Bendis takes on the Man of Steel…
Written by: Brian Michael Bendis / art by: Ivan Reis, Joe Prado & Jason Fabok / colours by: Alex Sinclair
What’s it about?
A powerful threat from Krypton’s past looms as it’s Last Son prepares to face his greatest challenge…
Following his short stories in Action Comics #1000 and DC Nation #0, former Marvel writer Brian Michael Bendis presents his first full DC comic with The Man of Steel #1, commencing the weekly six issue series that will lead into Bendis’ run on Superman and Action Comics beginning next month.
Most would argue that Superman is in no need of a creative relaunch given that Patrick Gleason, Peter J. Tomasi and Dan Jurgens have been doing just fine with the character and given readers some of the strongest Superman comics since before the New 52. Coupled with the fact that some people love Bendis and more and more these days seem not to, it’s understandable that a number of fans will be approaching this title with caution. There needn’t be any worry because on the basis of this first issue, Brian Bendis clearly loves the character and has a strong handle on the Last Son of Krypton, whether he is soaring into the skies as protector of the innocent and vulnerable or seeking truth and justice as Daily Planet reporter Clark Kent. Unlike John Byrne’s 1986 Man of Steel mini series this one isn’t a reboot, just a little bit of a refresh and a new start without undoing any of the work produced over the last couple of years.
Bendis paces things gently in The Man of Steel #1 which functions very much as a scene-setter as he establishes the basics and teases the larger overarching narrative. Via flashbacks, we’re reintroduced to Rogol Zaar, the brutish new villain designed by Jim Lee and introduced in the Bendis/Lee short in Action Comics #1000 and whereas that dropped readers straight into an all-out brawl here we get more character depth, an idea of his motivations and ominous hints at an intergalactic conspiracy relating to the destruction of Krypton. Zaar could turn out to be both an imposing and personal threat for Superman (and his adopted home) with potentially high stakes so hopefully Bendis delivers.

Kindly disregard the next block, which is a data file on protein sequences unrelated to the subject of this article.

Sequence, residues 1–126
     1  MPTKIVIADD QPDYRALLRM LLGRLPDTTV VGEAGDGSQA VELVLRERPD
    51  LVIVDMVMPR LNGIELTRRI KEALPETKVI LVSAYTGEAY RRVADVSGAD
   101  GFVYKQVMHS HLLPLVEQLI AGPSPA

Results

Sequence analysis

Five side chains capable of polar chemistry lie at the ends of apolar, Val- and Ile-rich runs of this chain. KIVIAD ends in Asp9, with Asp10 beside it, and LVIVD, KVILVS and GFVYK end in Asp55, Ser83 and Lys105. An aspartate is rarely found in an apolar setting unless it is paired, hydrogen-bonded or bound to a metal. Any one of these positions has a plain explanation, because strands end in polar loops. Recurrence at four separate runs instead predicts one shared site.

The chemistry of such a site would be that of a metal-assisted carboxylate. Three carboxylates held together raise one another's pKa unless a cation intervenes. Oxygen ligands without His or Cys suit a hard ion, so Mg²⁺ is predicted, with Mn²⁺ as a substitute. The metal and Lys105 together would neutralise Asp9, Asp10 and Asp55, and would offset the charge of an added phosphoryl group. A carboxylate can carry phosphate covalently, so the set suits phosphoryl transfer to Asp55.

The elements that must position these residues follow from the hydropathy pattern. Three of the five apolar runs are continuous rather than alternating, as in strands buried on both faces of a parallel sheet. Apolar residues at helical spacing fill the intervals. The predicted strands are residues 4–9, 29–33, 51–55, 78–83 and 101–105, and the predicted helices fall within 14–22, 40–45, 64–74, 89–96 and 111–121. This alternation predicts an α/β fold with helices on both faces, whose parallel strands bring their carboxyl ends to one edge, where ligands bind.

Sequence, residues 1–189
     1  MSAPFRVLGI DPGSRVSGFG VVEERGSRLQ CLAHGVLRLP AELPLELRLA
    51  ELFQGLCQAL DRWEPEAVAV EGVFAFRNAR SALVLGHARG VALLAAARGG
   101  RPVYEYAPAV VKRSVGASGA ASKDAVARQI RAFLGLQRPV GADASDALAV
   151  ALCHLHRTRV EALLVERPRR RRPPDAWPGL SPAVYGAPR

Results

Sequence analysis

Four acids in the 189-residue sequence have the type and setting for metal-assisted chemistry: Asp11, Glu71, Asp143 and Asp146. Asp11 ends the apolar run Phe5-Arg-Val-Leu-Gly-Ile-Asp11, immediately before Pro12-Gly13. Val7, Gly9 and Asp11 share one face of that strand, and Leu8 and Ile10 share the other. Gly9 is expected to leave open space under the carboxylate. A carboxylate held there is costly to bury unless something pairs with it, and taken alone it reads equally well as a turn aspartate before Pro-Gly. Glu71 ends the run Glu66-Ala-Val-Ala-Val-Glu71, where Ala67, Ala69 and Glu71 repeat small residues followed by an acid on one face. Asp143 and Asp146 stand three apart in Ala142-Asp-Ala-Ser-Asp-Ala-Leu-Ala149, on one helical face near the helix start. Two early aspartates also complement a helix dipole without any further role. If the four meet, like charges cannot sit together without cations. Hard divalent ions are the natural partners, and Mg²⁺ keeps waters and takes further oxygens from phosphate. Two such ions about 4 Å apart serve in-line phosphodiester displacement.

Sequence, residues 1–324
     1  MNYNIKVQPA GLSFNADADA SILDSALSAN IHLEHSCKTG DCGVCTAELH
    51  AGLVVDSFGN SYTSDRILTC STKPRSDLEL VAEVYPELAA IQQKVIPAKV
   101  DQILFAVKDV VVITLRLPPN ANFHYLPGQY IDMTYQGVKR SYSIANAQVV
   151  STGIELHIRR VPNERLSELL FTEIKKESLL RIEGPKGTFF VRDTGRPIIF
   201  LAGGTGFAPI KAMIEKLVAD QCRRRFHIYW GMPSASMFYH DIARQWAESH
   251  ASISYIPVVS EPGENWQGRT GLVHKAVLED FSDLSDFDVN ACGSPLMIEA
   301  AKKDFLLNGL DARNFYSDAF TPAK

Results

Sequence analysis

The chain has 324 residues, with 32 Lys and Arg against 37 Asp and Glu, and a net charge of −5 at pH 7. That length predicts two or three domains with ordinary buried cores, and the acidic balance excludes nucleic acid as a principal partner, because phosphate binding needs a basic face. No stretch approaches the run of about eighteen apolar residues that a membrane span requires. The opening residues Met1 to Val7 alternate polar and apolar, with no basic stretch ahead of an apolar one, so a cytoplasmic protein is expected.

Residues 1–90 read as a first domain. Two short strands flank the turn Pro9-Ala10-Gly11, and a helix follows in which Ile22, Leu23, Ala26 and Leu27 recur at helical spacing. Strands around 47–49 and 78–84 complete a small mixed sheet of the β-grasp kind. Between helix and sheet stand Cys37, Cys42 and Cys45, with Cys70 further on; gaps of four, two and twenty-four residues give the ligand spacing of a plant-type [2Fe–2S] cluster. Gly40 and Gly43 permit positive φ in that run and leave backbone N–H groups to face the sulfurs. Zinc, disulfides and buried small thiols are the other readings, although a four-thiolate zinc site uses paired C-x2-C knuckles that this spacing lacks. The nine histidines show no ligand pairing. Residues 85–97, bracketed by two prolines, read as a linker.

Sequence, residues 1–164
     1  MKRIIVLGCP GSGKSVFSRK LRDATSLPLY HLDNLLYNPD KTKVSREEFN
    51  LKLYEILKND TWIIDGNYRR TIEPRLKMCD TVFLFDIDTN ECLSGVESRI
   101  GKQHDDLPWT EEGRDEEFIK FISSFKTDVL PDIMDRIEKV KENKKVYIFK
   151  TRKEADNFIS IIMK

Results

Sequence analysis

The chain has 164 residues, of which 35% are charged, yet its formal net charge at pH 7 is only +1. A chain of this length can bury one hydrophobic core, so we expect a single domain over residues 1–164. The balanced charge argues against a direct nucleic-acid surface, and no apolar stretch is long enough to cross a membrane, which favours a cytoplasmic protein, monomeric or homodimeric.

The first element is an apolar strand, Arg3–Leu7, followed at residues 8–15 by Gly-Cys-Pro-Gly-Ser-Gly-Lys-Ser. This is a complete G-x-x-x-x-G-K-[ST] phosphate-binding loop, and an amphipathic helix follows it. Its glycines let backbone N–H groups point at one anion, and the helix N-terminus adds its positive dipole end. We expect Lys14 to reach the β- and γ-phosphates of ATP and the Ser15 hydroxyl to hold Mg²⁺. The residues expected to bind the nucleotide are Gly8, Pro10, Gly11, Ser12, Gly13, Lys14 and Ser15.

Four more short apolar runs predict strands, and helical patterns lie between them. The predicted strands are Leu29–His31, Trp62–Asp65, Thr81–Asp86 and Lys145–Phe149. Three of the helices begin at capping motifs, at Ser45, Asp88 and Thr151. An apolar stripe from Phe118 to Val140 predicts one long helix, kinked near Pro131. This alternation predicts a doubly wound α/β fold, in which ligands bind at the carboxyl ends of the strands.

Those set-ups aside, Bendis keeps things fairly simple (there’s some wordy exposition here and there but nothing too dense) as we see Supes tackle Gotham criminals Firefly and Killer Moth, out to cause trouble in Metropolis, whilst he investigates a series of electrical fires. In these scenes, Bendis nails the core tenets of the character – conveying that sense of strength and inherent good but also dipping into those subtle nuances of loneliness that can occasionally haunt him. Brian Bendis proves equally adept when dealing with Clark Kent as mild-mannered news reporter and family man, scenes with Lois and Jon being both heartfelt and fun.
The art by penciller Ivan Reis and inker Joe Prado (with Jason Fabok contributing the final two pages of the book) is pretty solid as is to be expected. There are a few spots where it feels a little rushed (and unfortunately the red trunks are still here) but otherwise it’s business as usual from the pair with powerful, emotive characters and beautifully composed environments enriched by Alex Sinclair’s colours.
Anyone expecting explosive all-out action and gripping drama from the outset will likely be disappointed by this premiere issue, but if every Superman (heck ,any) comic was like that it’d soon become boring, right? With The Man of Steel #1 Brian Michael Bendis and collaborators Ivan Reis, Joe Prado, Alex Sincalir and Jason Fabok provide readers with a taste of potentially exciting things to come.
The bottom line: A promising new beginning for Superman, The Man of Steel #1 demonstrates that Brian Michael Bendis has a good handle on the character and gives tantalising hints at what’s ahead.
The Man of Steel #1 is published by DC Comics and is available in print and digital formats now.